• Ketamine assisted psychotherapy for patients with trauma resistent depression (Jeanine Kamphuis, psychiatrist and researcher at the University Psychiatric Center in Groningen).
  • The use of MDMA in PTSD treatment (Eric Vermetten, professor of medical-biological and psychiatric aspects of psychotrauma at the University of Leiden).
  • Psychedelics and cognition (Stefanie Enriquez-Geppert, assistant professor at the department of clinical and developmental neuropsychology at the University of Groningen).
  • Microdosing psychedelics (Kim Kuypers, associate professor at the faculty of psychology and neuroscience at Maastricht University).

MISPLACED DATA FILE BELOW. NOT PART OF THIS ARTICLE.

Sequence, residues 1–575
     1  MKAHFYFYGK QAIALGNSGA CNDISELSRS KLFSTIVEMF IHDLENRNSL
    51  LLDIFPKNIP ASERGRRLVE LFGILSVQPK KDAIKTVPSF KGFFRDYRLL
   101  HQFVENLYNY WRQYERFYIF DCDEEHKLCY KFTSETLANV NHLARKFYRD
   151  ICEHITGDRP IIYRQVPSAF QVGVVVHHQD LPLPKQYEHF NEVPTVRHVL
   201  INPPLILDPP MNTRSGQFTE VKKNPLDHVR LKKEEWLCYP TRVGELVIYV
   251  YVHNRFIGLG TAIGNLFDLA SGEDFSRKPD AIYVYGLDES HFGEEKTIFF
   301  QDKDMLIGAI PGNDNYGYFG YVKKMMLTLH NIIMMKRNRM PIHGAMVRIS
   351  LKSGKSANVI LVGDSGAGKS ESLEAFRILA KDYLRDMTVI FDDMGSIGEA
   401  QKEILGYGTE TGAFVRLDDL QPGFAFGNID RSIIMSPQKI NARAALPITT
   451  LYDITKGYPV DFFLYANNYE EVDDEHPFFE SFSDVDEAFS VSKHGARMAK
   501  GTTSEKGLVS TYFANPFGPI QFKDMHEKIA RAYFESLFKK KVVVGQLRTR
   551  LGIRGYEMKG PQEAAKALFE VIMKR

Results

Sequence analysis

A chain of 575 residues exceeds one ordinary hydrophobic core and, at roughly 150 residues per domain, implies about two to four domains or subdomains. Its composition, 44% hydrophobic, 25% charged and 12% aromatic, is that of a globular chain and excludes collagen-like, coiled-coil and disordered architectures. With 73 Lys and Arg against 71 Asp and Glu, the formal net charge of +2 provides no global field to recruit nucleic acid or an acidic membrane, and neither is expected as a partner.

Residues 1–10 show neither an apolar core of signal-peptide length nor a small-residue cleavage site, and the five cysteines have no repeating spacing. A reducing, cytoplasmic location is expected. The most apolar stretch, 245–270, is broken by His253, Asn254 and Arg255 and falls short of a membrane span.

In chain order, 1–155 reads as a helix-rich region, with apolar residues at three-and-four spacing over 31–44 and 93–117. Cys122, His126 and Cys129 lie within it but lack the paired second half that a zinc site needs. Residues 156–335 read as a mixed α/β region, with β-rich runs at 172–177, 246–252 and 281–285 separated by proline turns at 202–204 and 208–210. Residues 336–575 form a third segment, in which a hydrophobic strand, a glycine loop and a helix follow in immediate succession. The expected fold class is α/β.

• The philosophy of psychedelics (Aidan Lyon, philosopher at the University of Amsterdam).
  • Validity threats in psychedelic science (Eiko Fried, associate professor at the University of Leiden).
  • Psychedelics in religious studies (André van der Braak, professor of comparative philosophy of religion at the VU Amsterdam). 
  • Research dilemmas and transdiagnostic action (Robert Schoevers, professor of psychiatry at the University of Groningen, head of psychiatry at the UMCG and director of the Summer School on Psychedelic Research).

The indisputable success of the second edition of the Summer School on Psychedelic Research is best put into words by the participants themselves:

  • I realise that I had forgotten what it felt like to be truly enthralled with subject matter in a formal learning environment.
  • A top-notch summer school that exceeded all my expectations.